This is an incredibly important post for writers of epic fantasy and the like!

Legends of Windemere

Legend of Zelda (I think?)

Whenever a city turns up in a fantasy story, these people will be there.  Either as background, battle fodder, or momentary obstacles, the guards are around in some fashion.  We tend to overlook them unless we need some unexpected corpses or government corruption is part of the plot.  Not much personality among these characters either, so what purpose do they serve?

Well, it really depends on the story.  Many adventures begin with the hero getting involved with the guards to some extent.  Some are arrested and others are members before the story takes them away from the city.  This makes the concept of the guards a rather common jumping point.  It isn’t that surprising too.  For heroes that come from those ranks, it explains their training and certain aspects of their personality.  They can either be out for justice or think the entire system is…

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How Do We Create Realistic Villains? – by Kassandra Lamb…

Chris The Story Reading Ape's Blog

on Jami Gold site:

Every story requires an antagonist—or at least an antagonistic force—that creates situations and/or circumstances that force the protagonist to take action. Without a conflict from the antagonist, there’s no story, as our protagonist would have no reason to grow or change themselves or to try to change the world or their situation.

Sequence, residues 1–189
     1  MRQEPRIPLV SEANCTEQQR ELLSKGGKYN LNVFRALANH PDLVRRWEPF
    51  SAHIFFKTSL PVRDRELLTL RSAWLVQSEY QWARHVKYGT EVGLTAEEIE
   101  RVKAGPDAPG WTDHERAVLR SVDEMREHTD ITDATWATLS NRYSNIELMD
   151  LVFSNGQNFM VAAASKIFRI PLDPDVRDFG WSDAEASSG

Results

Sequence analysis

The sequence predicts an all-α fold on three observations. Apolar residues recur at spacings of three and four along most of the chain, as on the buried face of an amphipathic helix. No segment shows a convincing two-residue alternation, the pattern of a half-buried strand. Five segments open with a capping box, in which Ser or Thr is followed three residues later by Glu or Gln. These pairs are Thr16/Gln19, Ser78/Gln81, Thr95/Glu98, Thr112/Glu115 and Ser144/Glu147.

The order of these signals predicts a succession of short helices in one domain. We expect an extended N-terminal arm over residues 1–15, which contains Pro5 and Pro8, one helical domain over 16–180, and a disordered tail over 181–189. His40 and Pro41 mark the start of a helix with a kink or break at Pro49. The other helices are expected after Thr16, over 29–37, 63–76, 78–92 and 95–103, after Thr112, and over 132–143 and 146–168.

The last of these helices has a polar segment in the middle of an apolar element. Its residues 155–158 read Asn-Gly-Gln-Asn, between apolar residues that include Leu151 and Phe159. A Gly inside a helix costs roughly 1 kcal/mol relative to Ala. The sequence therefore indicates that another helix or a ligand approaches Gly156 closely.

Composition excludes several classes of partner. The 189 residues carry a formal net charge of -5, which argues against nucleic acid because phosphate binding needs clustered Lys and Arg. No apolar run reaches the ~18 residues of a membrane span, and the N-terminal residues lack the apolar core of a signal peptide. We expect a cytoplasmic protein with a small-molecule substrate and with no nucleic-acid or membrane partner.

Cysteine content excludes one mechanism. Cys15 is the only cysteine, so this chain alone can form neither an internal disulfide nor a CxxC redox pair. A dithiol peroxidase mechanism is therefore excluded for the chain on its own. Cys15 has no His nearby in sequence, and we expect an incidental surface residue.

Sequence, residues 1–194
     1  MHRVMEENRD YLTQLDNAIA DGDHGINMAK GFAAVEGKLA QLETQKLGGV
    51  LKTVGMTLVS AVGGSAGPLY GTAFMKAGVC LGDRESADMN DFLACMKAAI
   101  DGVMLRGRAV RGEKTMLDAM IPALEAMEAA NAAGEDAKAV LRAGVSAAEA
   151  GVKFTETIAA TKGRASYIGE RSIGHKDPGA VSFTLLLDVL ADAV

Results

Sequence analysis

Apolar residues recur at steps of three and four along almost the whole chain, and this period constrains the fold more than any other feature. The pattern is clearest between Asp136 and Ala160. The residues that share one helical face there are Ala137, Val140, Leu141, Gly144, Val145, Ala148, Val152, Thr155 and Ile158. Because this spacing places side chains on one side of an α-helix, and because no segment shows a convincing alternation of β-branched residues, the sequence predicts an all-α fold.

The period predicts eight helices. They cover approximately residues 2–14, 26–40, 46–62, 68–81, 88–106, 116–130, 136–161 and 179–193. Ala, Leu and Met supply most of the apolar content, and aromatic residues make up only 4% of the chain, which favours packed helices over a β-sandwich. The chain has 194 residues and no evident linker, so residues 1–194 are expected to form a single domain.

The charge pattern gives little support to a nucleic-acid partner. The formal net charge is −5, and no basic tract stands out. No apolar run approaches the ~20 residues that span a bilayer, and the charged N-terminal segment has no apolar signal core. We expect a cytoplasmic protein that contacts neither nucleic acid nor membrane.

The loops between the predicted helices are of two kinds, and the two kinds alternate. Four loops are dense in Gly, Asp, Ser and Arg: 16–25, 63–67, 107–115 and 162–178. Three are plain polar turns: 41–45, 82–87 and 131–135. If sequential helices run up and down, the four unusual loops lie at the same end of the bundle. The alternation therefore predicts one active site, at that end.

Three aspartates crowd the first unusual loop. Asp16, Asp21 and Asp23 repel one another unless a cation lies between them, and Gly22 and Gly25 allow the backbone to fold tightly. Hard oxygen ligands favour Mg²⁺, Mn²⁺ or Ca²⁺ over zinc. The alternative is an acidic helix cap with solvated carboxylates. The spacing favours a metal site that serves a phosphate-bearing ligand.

In other words, antagonists drive the story.

But while we definitely need some type of antagonist, we get to determine what kind of antagonist they are. The antagonist in our story might be a force of nature, a love interest, or a meddling best friend. Or they might be a true villain trying to harm others, an uncaring psychopath/sociopath, or fully evil in every respect.

There’s no right or wrong answer—only what makes sense for our story. And for some stories, we need a villain who does evil things. Which might prompt…